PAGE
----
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St Nicholas the Confessor, Forest Hill, Oxfordshire

(51°45′47″N, 1°9′23″W)
Forest Hill
SP 583 075
pre-1974 traditional (England and Wales) Oxfordshire
now Oxfordshire
  • Janet Newson
27 Sept 2012

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The village of Forest Hill is 6 miles E of Oxford. The church occupies an attractive hilltop site with views south across the valley to Shotover Park. The original church was not documented until c. 1140. It now comprises a chancel, nave, N aisle and S porch, dominated at the W end by a high gabled bellcote that required propping up by two massive buttresses in the 17thc. In the early 13thc., the S wall, the N chancel wall, the greater part of the bellcote and the S porch were rebuilt. Remaining Romanesque features from the earlier church are the large chancel arch with its plain imposts and the probably reset outer doorway of the porch, Transitional into Early English, with stiff leaf capitals and plain square imposts.


The original chapel may have come under the mother church of Stanton St John nearby. It may not have achieved parish status until 1273, when its graveyard was consecrated. Initial disputes between Oseney Abbey and St Frideswide’s Priory were resolved when it was given to Oseney Abbey, c. 1140. Oseney held it until 1526, when Cardinal Wolsey granted it, with Oseney manor, to his Oxford college, Lincoln, who still retain it (VCH).

The church is in the Wheatley Benefice, comprising Beckley, Cuddesdon, Forest Hill, Garsington, Holton, Horspath, Hornton-cum-Studley, Stanton St John, Tiddington, Waterperry, Waterstock, and Wheatley.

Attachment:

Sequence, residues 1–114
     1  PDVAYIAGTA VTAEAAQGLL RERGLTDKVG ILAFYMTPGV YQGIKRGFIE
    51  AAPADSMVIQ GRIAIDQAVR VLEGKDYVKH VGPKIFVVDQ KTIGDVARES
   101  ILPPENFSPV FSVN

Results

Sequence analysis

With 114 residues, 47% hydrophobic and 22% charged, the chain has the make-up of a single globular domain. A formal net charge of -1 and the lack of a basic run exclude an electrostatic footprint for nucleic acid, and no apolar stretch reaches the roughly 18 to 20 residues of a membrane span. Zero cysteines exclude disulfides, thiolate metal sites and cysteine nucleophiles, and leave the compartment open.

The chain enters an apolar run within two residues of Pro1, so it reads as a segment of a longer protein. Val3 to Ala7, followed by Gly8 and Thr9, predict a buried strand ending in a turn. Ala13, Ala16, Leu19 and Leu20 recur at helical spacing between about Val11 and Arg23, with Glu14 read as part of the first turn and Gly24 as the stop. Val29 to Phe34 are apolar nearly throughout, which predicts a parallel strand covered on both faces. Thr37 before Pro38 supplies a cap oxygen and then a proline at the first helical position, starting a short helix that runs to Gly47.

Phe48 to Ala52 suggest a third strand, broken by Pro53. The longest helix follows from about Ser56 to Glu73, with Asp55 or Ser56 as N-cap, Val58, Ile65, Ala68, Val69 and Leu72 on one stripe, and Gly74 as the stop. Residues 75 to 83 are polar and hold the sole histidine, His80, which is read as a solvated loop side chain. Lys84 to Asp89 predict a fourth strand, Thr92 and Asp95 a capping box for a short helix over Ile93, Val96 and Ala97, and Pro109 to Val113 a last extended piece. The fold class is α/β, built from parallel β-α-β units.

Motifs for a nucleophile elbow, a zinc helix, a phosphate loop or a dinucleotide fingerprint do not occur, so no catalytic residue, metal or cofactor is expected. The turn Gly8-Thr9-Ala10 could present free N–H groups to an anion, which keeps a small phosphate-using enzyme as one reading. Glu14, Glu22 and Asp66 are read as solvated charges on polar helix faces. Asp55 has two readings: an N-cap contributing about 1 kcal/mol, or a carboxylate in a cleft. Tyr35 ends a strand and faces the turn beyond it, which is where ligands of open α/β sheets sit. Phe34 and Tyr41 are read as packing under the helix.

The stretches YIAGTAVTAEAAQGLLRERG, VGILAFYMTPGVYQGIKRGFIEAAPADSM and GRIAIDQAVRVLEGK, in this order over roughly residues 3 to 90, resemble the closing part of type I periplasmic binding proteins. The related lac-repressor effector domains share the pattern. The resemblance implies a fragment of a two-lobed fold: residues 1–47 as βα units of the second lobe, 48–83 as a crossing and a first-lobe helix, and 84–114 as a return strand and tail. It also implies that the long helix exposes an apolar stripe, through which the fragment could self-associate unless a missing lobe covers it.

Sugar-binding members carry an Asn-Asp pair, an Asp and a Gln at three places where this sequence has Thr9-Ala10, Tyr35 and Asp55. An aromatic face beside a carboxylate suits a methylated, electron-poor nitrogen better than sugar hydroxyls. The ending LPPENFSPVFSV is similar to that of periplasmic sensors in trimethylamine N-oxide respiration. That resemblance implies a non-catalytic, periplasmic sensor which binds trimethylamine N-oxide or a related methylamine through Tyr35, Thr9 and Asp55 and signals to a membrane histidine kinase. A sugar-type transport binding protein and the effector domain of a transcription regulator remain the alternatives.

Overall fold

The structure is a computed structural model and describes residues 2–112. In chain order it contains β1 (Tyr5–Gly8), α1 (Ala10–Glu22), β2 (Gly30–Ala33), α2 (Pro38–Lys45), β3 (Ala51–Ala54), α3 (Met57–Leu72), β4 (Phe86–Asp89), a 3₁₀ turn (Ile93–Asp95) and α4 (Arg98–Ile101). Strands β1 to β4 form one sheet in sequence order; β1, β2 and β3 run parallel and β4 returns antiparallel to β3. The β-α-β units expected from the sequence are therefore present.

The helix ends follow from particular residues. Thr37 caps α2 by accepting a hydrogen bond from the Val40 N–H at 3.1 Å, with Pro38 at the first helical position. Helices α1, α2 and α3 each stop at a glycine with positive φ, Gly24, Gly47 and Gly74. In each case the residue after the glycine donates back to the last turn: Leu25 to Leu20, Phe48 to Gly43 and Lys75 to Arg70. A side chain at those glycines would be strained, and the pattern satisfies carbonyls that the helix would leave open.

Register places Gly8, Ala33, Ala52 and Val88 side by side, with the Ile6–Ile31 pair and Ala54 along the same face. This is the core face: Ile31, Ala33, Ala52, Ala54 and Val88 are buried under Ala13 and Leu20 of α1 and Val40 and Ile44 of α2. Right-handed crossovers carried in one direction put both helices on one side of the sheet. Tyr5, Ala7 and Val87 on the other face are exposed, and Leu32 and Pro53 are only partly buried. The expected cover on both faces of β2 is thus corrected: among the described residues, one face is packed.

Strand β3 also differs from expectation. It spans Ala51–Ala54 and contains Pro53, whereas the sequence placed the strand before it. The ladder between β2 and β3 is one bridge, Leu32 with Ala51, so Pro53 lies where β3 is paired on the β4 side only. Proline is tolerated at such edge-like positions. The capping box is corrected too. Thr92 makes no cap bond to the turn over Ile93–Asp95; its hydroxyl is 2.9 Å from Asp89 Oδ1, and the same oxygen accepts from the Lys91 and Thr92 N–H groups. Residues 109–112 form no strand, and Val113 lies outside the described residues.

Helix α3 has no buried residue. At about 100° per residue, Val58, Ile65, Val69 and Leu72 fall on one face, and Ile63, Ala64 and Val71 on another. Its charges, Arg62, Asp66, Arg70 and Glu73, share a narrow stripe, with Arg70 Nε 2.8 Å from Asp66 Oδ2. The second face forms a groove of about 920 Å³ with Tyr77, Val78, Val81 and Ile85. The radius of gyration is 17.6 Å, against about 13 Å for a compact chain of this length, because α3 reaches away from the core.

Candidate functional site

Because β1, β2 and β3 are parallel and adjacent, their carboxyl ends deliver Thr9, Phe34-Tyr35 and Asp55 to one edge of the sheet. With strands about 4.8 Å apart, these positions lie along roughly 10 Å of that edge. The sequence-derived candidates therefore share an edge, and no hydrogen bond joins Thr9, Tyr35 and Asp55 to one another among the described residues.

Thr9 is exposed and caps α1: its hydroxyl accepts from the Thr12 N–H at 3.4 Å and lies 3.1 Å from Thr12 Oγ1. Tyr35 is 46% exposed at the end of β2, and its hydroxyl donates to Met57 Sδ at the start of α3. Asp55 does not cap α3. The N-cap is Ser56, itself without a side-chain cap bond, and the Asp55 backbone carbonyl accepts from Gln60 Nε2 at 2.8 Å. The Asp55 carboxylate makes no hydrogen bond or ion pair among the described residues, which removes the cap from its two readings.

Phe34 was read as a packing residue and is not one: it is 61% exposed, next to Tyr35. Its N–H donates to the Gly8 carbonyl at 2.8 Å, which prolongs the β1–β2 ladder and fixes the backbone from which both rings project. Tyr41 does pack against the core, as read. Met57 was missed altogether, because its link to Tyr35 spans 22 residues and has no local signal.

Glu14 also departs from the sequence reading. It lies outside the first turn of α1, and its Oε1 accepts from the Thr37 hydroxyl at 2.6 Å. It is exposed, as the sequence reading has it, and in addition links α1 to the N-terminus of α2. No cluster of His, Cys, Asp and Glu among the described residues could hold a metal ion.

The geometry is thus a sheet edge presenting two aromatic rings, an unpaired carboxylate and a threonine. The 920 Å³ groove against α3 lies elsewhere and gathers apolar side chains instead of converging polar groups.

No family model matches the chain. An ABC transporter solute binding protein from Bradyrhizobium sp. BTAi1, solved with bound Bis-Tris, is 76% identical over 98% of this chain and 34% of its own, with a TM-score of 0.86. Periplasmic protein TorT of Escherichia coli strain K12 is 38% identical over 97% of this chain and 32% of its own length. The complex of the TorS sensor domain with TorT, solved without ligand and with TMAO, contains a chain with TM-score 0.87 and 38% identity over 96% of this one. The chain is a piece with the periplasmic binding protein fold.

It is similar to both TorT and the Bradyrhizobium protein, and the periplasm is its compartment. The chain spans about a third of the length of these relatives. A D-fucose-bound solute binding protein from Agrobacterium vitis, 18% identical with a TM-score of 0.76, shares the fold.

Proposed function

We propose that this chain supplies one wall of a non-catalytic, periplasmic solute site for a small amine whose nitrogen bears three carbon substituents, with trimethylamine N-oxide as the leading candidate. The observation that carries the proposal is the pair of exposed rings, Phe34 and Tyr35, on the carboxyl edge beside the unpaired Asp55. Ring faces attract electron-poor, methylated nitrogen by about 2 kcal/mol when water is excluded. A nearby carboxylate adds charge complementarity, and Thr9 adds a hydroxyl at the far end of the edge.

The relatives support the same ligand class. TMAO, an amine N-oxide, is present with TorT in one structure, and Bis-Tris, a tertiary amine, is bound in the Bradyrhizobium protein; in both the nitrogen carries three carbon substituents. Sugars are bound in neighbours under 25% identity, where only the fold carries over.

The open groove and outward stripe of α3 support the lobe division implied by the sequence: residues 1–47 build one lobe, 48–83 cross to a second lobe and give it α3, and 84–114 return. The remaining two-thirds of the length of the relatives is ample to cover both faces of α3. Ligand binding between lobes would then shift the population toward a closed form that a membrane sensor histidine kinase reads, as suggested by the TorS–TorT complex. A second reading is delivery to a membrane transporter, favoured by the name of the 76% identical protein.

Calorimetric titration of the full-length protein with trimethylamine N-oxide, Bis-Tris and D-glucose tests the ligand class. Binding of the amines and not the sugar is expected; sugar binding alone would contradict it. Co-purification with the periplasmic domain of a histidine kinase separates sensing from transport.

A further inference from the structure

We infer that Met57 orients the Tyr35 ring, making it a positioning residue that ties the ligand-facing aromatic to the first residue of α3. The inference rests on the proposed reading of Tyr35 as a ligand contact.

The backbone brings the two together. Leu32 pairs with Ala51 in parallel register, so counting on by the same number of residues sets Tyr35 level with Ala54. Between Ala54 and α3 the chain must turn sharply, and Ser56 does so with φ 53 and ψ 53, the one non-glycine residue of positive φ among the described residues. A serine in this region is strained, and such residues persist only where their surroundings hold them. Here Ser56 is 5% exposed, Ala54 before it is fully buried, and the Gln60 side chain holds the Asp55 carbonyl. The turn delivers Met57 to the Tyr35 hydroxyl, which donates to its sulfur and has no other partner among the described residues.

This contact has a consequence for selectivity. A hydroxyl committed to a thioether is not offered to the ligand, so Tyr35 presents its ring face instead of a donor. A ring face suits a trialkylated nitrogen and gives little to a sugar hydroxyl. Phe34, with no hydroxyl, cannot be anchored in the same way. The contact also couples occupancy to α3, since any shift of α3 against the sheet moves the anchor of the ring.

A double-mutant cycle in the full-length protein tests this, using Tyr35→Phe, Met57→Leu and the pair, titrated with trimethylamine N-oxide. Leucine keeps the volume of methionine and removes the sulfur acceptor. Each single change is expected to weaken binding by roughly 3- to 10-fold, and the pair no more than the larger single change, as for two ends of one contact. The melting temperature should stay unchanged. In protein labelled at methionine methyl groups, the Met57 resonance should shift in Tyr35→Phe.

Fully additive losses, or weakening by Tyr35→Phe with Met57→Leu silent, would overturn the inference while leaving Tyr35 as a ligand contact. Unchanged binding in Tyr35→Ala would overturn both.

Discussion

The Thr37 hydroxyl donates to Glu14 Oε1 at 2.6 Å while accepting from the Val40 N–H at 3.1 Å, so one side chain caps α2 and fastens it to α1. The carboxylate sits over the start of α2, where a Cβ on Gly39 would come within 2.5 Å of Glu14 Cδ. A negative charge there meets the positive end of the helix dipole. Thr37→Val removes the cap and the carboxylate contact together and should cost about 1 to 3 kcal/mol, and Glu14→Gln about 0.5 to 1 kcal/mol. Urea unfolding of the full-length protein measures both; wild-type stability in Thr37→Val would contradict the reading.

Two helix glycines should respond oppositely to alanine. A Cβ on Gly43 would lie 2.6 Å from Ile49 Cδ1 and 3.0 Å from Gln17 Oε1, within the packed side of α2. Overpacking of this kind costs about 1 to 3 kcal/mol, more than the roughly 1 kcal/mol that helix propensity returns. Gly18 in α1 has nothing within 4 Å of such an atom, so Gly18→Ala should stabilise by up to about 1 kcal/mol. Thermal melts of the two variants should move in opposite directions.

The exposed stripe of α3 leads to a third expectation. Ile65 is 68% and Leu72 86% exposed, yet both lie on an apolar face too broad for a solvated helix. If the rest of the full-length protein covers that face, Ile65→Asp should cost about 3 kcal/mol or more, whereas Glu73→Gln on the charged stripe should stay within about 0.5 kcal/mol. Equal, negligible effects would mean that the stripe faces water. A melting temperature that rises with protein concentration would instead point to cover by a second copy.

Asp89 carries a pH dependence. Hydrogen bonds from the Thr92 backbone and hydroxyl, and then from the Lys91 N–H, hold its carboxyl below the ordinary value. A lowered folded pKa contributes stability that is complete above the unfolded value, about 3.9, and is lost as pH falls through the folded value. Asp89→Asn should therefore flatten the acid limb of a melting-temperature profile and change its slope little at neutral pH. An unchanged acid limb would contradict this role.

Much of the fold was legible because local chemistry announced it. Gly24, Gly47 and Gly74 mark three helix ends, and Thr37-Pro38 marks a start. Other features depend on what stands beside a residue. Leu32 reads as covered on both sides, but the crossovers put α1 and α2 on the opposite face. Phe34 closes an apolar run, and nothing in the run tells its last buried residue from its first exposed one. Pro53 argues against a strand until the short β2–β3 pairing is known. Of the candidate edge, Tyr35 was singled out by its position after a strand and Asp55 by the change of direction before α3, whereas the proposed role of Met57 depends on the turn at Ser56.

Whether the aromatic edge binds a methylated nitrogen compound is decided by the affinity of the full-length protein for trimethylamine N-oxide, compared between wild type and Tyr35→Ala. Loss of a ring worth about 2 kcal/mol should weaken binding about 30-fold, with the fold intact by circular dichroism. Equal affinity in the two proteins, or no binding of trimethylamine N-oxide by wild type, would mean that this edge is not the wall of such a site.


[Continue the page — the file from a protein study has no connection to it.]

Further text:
Exterior Features



Interior Features


Chancel arch/Apse arches


Piscinae/Pillar Piscinae


Another Transitional doorway is mentioned as being reused in the new N aisle built by G.G. Scott in 1852 (VCH). However, this has been out of view in a coal bunker for at least forty years (Sherwood and Pevsner). Scott also rebuilt the S chancel wall that shows a possible restored Romanesque stringcourse. A heavy roll moulding runs along the length of the wall following the bases of the restored round-headed windows, and also occurs on the E and N walls. A similar heavy roll features in the Romanesque chancel at St Ethelreda, Horley and in the Transitional chancel at St Peter’s, Bucknell, both near Banbury, Oxfordshire.

The pillar piscina, described as Romanesque by Sherwood and Pevsner, is not mentioned in VCH. The quatrefoil hollows cut in the plain square top seem more 13thc. However, at St Ethelreda, Horley, Oxfordshire, there is a piscina with trefoil hollows accompanied by nailhead and chevron carved on the same bowl. It may be safer to attribute both to c. 1200.


J. Sherwood and N. Pevsner, The Buildings of England: Oxfordshire. Harmondsworth 1974, 605-606.

Victoria County History: Oxfordshire, 5, 1957, 122-134.